Many of us struggle with how to help our children cope with their lower brains. One of the most challenging aspects of autism is the underconnectivity of the frontal lobes to the centers of the brain that initiate action. Since the more primitive connections to the amygdala appear to be much more intact, our kids tend to behave with instinctual “fight or flight” (or “grab!”) responses to environmental stimuli rather than thoughtful, intentional actions. They tend to react rather than respond. Clinically, that looks like aggression and impulsivity, and a general lack of self control.

So as parents we do our best to give the upper brain an advantage by preparing our children before stepping into events, having them read social stories, rehearse, and play out scenes with their stuffed animals or dolls. We monitor and engineer the child’s environment, trying to remove triggers for aggression or impulsivity. Still, many are the times when the lower brain gets the upper hand and goes out of control. We’ve all experienced the crazy, domineering lower brain insisting upon its way, and suffered along with the child as he sorrowfully apologizes afterwards. Clearly, the child’s upper brain cannot get the upper hand of its lower counterpart on its own, and needs our help. How do we help our children stop their lower brain rampages, and reconnect their upper brains?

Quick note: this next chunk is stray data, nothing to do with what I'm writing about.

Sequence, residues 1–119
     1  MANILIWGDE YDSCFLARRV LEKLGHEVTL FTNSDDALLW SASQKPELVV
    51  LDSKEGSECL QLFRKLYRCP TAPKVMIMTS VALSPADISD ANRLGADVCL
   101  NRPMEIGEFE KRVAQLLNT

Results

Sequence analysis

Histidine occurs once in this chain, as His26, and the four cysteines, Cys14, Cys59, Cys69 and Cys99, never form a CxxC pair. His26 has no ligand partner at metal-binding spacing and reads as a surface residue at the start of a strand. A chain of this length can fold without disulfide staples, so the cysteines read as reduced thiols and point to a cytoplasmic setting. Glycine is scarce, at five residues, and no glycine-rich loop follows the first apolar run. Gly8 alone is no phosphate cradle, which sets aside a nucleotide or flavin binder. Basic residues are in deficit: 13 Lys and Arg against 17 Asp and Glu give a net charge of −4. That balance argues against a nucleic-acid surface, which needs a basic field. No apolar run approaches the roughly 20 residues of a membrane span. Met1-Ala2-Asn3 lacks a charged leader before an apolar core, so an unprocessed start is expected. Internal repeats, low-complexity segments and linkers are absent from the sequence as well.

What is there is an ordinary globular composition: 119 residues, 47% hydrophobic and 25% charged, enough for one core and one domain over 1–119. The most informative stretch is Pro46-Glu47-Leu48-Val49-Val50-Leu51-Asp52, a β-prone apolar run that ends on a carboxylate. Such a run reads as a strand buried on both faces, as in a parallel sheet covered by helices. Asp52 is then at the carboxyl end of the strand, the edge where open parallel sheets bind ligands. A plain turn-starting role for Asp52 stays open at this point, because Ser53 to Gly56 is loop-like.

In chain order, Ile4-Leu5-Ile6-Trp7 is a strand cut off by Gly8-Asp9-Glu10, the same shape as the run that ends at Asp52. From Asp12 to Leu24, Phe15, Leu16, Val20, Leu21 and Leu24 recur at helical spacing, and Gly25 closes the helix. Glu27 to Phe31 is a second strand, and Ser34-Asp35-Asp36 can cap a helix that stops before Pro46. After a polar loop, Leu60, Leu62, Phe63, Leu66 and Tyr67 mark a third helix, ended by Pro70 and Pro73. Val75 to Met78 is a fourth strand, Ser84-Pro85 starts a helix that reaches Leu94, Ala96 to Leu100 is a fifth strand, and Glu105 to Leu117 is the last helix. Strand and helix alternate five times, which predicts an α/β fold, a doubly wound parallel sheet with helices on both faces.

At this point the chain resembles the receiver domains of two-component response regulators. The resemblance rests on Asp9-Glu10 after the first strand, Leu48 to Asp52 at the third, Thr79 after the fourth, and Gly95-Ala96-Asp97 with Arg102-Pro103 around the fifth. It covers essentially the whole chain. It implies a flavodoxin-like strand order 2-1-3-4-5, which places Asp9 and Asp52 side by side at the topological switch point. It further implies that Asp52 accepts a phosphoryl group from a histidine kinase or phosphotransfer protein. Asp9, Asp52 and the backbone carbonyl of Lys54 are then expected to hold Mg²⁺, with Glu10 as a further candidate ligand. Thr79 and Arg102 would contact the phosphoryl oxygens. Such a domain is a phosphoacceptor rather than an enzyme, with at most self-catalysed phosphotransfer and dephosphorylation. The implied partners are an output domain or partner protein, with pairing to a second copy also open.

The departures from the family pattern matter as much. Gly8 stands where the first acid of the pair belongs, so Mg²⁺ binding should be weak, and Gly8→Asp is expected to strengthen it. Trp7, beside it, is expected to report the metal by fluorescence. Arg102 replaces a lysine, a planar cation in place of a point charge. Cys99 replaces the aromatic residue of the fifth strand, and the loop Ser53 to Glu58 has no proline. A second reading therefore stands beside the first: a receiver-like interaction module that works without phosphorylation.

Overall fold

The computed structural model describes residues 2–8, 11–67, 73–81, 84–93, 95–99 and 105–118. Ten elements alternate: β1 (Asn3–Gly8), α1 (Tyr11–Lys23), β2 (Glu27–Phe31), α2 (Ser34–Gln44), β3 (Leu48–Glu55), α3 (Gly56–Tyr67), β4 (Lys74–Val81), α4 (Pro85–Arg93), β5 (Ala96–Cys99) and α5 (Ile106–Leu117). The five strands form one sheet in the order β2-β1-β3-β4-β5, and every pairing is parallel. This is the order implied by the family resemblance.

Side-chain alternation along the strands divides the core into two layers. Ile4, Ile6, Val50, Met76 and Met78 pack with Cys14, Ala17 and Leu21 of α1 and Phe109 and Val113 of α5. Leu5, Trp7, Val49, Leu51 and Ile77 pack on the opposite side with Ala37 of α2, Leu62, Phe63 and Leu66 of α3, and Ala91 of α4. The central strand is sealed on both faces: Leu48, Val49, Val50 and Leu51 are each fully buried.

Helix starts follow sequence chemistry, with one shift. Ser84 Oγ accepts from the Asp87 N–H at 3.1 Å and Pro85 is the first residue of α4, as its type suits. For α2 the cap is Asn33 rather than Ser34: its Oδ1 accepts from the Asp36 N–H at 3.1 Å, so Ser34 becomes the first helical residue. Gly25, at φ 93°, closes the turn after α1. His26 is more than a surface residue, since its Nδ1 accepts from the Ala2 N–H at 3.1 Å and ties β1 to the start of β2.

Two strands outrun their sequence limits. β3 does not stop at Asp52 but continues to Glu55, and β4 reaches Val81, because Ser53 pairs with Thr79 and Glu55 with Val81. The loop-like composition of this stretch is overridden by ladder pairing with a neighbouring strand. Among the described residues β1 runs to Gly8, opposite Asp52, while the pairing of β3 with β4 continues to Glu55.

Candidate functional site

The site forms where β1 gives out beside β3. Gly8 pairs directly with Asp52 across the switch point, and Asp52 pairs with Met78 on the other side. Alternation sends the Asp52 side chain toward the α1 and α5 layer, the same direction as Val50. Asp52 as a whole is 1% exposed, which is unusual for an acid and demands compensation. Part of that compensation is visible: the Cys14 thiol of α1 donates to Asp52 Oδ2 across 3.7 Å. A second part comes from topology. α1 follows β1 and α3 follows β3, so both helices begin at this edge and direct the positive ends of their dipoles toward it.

Peter taught me how important it is for him to receive support in subduing the lower brain. When I asked him if an imperative tone of voice or physical restraint calmed or escalated the acting out of his amygdala, Peter basically told me it was a balance. “by my experience it does help my lower brain to let know who is in control. but my lower brain sometimes gets more aggressive.” So the assisting adult needs to take charge firmly, but not too harshly, to be strong but not domineering, to be authoritative, but also calm and reassuring.